A Duty to Guide and Mentor

Rites of Passage Column by Mark Martinez

“Where is he? Has anyone seen him? Oh Lord, please let him be okay,” perhaps were the words Mary cried.

She was beside herself. She and her husband Joseph, along with their other children, had attended the Jewish Passover celebration and she had lost her son, her firstborn. She knew Jesus was unique, was special, was set apart from all the other children and now he was gone.

When my sister was 16, we lost her. Our family had a wonderful beach party with several other families, and after all the hot dogs and smores were eaten and the fire pit was extinguished, it was time to go. But we couldn’t find her. Everyone in our group, dozens of people, combed the beach up and down and she too seemed gone. My father was frantic, while my mother was crying hysterically and was inconsolable. We eventually found her, asleep by herself, down near the water’s edge. Total time lost: about an hour.

Such was the plight of Joseph and Mary. Only they lost their son for three days. In Luke 2:41-52 we experience their story of being separated from Jesus after the Passover feast. Many contemporary Bibles title this story “Jesus Lost at the Temple.” Let me propose this thought: Jesus was never lost. He knew exactly where He needed to be. It was His parents who were perplexed about this incident.

In our last article, we talked about rites of passage. We recognized that many cultures have formal rites of passage for their young boys and girls as they transition into adulthood. However, there is a notable absence in our Western Christian culture for such formalities, and we have abdicated this process to the false signposts of culture.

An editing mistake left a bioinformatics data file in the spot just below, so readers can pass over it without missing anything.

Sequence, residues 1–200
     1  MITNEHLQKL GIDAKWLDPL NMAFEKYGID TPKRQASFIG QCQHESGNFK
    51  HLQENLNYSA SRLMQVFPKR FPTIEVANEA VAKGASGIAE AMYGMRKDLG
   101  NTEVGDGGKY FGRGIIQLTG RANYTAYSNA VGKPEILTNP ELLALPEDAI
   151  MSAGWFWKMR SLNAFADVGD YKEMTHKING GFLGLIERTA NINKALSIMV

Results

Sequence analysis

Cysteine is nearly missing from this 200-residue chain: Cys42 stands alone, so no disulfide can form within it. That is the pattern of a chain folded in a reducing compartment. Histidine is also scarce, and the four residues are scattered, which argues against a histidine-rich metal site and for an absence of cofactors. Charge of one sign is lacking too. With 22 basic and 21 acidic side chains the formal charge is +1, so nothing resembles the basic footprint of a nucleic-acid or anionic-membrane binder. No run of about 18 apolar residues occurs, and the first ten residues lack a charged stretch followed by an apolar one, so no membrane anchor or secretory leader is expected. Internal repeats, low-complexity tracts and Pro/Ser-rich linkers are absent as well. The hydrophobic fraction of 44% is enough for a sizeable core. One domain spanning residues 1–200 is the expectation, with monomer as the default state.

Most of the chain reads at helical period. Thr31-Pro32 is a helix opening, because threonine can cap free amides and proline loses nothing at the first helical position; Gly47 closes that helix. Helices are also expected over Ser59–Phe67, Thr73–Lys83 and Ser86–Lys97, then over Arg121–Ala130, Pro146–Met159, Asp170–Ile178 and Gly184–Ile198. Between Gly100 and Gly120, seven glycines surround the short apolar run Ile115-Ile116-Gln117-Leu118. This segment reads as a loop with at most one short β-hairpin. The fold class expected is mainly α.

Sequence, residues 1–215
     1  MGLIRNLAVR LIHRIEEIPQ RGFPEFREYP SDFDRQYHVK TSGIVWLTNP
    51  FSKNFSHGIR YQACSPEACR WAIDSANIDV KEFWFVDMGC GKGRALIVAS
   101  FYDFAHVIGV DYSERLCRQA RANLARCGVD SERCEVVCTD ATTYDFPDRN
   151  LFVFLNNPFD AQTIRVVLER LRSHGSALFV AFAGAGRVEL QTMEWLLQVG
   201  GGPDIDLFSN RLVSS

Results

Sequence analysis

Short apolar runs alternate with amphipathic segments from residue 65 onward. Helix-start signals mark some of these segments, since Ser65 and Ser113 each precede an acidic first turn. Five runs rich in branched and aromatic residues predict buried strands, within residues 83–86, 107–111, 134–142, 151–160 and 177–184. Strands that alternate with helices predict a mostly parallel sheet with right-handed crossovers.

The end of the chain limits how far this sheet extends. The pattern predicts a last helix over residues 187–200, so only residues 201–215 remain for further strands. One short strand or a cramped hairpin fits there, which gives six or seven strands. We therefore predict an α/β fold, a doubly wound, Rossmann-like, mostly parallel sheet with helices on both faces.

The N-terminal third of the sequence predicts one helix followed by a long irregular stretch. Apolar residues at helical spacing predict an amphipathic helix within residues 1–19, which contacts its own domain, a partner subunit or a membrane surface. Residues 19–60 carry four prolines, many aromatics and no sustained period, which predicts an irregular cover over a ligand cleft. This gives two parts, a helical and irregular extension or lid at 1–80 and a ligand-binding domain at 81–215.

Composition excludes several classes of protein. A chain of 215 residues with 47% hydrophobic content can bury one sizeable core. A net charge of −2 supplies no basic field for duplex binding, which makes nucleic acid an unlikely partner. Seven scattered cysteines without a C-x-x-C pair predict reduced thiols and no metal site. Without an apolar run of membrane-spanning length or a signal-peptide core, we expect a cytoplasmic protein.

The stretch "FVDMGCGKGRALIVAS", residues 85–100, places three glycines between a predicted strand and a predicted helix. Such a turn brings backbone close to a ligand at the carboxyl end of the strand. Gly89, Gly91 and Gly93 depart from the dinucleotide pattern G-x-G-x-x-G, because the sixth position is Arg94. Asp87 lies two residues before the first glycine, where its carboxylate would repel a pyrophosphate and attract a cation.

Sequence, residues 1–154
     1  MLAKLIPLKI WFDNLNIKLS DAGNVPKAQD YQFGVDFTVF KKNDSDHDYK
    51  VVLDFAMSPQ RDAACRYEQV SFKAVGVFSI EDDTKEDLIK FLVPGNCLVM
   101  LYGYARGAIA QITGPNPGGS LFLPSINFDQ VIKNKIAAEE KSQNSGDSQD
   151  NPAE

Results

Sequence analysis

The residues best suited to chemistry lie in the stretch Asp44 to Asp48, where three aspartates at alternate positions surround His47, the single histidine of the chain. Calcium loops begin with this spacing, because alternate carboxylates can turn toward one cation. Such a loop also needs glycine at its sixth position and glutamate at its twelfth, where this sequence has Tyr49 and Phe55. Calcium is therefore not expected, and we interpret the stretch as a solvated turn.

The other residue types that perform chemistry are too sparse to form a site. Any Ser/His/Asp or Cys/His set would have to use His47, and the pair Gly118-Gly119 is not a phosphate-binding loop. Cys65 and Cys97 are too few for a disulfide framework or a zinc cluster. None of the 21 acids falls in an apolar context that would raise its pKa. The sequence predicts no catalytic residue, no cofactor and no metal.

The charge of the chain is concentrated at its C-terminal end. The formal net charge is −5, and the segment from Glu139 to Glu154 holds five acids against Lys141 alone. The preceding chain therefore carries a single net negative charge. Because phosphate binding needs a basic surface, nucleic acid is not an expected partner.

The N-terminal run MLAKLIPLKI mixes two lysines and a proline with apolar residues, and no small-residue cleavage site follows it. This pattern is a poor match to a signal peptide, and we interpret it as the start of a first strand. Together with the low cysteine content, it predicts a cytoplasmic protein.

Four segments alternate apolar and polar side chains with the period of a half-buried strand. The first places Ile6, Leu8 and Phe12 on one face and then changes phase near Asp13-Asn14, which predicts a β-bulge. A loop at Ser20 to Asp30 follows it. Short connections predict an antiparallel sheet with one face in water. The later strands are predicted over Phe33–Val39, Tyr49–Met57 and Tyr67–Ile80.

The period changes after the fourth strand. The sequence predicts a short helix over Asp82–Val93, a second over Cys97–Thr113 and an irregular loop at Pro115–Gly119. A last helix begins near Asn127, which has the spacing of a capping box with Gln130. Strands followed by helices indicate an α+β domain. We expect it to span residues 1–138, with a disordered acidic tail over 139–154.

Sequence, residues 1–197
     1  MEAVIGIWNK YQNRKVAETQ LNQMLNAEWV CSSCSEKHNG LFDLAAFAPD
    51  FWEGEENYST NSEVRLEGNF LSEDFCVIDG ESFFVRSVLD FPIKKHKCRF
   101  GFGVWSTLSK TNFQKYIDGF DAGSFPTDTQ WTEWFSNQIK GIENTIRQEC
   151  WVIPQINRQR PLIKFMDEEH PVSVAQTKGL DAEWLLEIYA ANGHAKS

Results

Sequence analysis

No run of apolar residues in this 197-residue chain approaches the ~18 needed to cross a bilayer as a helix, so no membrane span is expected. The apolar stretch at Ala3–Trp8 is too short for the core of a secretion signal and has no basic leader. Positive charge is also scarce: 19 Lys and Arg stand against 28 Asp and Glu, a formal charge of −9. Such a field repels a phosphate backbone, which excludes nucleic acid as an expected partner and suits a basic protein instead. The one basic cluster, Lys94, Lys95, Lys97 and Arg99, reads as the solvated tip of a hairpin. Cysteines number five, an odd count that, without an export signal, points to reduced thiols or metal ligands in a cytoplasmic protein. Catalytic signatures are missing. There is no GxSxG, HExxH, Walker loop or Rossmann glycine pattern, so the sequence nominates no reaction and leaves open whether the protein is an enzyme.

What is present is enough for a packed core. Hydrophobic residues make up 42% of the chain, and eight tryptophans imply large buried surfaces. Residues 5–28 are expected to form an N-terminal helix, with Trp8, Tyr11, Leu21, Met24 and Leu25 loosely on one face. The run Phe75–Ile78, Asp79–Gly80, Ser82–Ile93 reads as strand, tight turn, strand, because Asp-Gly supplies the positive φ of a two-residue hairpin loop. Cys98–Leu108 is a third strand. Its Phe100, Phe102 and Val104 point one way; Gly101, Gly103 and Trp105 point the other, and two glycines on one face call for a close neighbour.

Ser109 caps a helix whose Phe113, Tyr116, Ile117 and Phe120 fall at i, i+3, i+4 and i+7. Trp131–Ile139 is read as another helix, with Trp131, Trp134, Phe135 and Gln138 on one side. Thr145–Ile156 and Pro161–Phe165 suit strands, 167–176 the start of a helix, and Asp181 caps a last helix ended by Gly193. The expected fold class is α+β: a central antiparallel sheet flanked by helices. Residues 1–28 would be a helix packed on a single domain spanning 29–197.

We proposed that scripture gives us clear insight as to when boys become men and girls become women, and it is found in this section of Luke’s gospel, when Jesus was 12 years old.

Why don’t we know about any other stage of Jesus’ life prior to His ministry years? Why age 12? I’d like to propose that God placed this in the scriptures as a bell weather to proclaim that this is the age when everything changes in a young person’s life. Puberty sets in and this sets off an avalanche of changes in a young person. Physical growth, mental awareness, emotional instability and spiritual wonder typically set in at this preteen/early teen stage. This sets the foundation for what often becomes family strife, as young people don’t understand the changes happening to them and parents feel ill-equipped to help navigate these changes.

Could this story be in scripture as a milepost to compel families to recognize that a major change is underway in the development of our sons and daughters, and we need to change our parenting style to adjust for this? If we fail to do so, we often try to parent our 12- to 14-year-olds the way we did when they were 8-10 years old, and that just doesn’t work. It is up to us, the parents and grandparents to acknowledge this shift and lean into our duty to guide and mentor our lineage into adulthood, not resist it.

In our next article, I will share three things that I believe every parent needs to know about this life stage in our young people, based on this story of Jesus in scripture. The subsequent article will have me share three things that I believe every preteen/teen needs to know. I will then share insights about this life stage, based on my years of mentoring numerous families. Be encouraged, there is great hope for families of faith if we approach things correctly from a biblical perspective!